The unprecedented number of repossessions in April, combined with lower foreclosure filings, suggest that lenders are busy dealing with the backlog. Expect defaults to keep mounting, while prices fall in the period ahead. While the devastation continues in US housing markets, repossessions declined in the UK. See the following article from Property Wire for more on this.
Repossessions in the US set a record in April while foreclosure filings dropped for the first time in four years in what is seen as a sign that lenders may be delaying new default actions as they seize properties, according to a new report. But monthly foreclosure filings are expected to remain at a very high level as unemployment also remains high and more property owners find themselves in negative equity as prices continue to all in some areas, says the report from RealtyTrac.
‘Right now it appears that the banks are focusing on processing the loans already in foreclosure and slowing down the initiation of new foreclosure proceedings as a way of managing inventory levels. We’ll probably see this trend continue for a while,’ said Rick Sharga, RealtyTrac’s executive vice president.
A record 92,432 bank repossessions were reported in April, up 45% from a year earlier and 1% from March. Foreclosure filings, including default and auction notices, were 333,837, meaning that one out of every 387 US households got a filing.
About five million delinquent loans will probably end up in the foreclosure process in addition to the 1.2 million homes already taken back by lenders, Sharga said and added that defaults may not peak until 2011 depending on how lenders process them.
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More than a fifth of US mortgage holders owed more than their homes were worth in the first quarter of this year, according to a report from Zillow and property prices may fall as much as 5% in the next 12 months according to forecasts from IHS Global Insight.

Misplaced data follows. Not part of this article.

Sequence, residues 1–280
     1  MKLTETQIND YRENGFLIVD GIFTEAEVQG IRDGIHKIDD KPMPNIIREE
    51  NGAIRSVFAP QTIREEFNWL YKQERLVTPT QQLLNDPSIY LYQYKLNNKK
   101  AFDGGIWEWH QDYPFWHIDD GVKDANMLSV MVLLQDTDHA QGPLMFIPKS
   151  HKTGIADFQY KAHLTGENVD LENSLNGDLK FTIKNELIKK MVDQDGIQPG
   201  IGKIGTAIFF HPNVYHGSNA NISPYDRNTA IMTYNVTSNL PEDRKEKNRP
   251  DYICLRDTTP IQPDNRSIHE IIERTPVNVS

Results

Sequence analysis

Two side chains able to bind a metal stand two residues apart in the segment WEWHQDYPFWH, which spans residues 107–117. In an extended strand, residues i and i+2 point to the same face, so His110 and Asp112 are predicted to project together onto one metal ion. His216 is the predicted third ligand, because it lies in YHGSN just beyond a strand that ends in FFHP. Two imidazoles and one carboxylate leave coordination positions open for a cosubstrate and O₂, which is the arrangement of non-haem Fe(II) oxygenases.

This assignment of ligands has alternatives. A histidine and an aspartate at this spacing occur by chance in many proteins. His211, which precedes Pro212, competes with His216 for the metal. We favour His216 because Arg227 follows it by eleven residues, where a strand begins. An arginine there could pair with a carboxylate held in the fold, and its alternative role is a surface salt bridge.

The RealtyTrac report also shows that Nevada had the highest foreclosure rate for the 40th month in a row with one in every 69 households getting a notice, more than five times the national average. Bank seizures rose 57% from a year earlier and filings were little changed.
Arizona had the second highest rate with one in 169 households, or more than twice the US average, and filings fell 1% from a year earlier. Florida ranked third, with one in 182 households and filings there dropped 25%.
California had the fourth highest rate with one in 192 households, and Utah was fifth at one in 221. Idaho, Michigan, Illinois, Georgia and Colorado also ranked among the 10 highest rates.
In contrast in the UK repossessions fell 7.5% in the first quarter of the year as record low interest rates helped more households meet their payments, according to the Council of Mortgage Lenders.
However, CML director general Michael Coogan warned that this was no cause for complacency as a large number of households are ‘just coping’ and are vulnerable to any further shocks arising from the economic uncertainty.
This article has been republished from Property Wire. You can also view this article at Property Wire, a mortgage and real estate news site.